We have all been there. Sitting for what seems like an eternity, watching the presentation go on and on, page after page of PowerPoint stats and results, seas of numbers on the screen, a voice going over everything in detail that you’ve long since stopped listening to. , drifting a bit now.
Only this was different. This was better: this was Bielsa.
On Monday, Marcelo Bielsa was presented as the new coach of Athletic Club, in case Iñaki Arechabaleta is elected president in the elections on Friday. That, for a little while there and for that very reason, he seemed sure that he would be. How could he not be? He had Bielsa, Bielsa! — while the other candidates, Ricardo Barkala and Jon Uriarte, had… well, they had no one. Not yet.
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Arechabaleta said that when he approached Bielsa to accompany him in his candidacy for the presidency of Athletic, the Argentine coach responded by asking for time. The best thing, he had responded, was for the current coach Marcelino García Toral to continue and in any case, he needed to be able to study the proposal. He did so. Marcelino didn’t continue, in part because he knew there was an election campaign coming up and he really didn’t want to be a part of it, and now here was Bielsa presenting his findings.
He had not come to Bilbao, and there were no interviews, no standing with a handkerchief smiling, no handshakes and greetings. No round of questions or interrogations, except the one he did himself. Instead, he did it over video, all the charts and graphs. In a room in Bilbao or following him online, they saw Bielsa sitting in front of them, thin, with very short hair, doing what Bielsa does: speaking very, very slowly, taking them through the analysis of him. It was like him, and they knew that: Arechabaleta’s proposal was that he return to the post after having been at the club between 2011 and 2013.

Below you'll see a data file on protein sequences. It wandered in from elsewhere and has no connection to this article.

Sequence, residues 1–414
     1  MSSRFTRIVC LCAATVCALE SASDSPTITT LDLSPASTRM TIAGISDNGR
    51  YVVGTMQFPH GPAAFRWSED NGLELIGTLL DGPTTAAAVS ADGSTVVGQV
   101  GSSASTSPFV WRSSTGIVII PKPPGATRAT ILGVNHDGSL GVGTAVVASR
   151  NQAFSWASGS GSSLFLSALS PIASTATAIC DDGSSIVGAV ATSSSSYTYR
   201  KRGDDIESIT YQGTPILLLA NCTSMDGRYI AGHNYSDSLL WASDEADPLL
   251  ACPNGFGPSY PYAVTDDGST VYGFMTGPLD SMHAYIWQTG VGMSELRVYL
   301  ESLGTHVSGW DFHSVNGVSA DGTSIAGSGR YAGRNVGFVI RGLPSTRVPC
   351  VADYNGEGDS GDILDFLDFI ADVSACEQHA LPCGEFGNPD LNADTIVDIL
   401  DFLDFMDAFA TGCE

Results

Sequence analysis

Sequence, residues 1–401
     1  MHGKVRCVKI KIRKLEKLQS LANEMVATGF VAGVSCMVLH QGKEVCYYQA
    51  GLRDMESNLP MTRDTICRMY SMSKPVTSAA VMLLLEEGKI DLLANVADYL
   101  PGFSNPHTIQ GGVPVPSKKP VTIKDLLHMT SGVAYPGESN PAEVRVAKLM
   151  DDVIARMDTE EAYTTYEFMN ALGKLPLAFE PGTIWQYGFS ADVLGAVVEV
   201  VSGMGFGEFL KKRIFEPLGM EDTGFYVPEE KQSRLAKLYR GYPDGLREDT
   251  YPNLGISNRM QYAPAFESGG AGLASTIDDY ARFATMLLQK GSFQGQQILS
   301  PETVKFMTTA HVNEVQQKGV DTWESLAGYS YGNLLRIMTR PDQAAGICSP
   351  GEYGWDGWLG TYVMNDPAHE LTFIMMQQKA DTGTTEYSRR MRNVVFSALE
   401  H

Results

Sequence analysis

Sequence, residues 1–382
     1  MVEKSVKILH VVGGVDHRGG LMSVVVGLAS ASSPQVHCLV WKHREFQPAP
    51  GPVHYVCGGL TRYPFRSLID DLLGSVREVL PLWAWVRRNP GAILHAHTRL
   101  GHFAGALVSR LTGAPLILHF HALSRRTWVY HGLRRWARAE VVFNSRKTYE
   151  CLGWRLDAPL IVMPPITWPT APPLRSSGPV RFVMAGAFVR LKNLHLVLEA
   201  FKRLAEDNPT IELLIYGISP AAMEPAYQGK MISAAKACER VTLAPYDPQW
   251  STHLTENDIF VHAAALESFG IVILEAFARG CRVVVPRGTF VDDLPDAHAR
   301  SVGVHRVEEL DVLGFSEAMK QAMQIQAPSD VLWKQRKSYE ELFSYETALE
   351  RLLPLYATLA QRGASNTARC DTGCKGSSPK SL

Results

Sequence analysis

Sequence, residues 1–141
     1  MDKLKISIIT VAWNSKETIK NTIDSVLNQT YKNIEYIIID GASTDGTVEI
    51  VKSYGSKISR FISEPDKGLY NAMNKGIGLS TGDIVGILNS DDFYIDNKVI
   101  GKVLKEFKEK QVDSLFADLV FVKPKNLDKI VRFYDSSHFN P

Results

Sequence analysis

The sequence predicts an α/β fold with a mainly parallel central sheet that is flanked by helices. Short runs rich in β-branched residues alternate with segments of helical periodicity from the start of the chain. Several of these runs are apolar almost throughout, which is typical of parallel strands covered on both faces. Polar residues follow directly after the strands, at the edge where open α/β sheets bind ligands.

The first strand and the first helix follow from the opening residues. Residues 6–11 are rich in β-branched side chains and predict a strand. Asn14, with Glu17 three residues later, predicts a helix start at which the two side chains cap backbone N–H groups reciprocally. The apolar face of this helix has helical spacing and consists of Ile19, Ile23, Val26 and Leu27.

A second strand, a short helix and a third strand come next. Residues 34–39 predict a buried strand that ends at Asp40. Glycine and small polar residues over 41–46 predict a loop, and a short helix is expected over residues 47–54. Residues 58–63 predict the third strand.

The first time, Bielsa had also made a presentation. That was live: there was the classic connection problem and then Bielsa had to briefly excuse himself to go to the bathroom. This time it was prerecorded, running all the way.
He had seen 45 Athletic games last season, he said. 45 matches for Athletic, 38 matches for the B team, four matches for the C team and three for the U-19s. He too had watched every team Athletic would face, except Girona, whose promotion came too late to be included, and he had worked out every detail. He went through the number of times each player was involved, talked about structures, players and emotions, ways to reach them, ways his methods had evolved. He talked and talked, for an hour and ten minutes.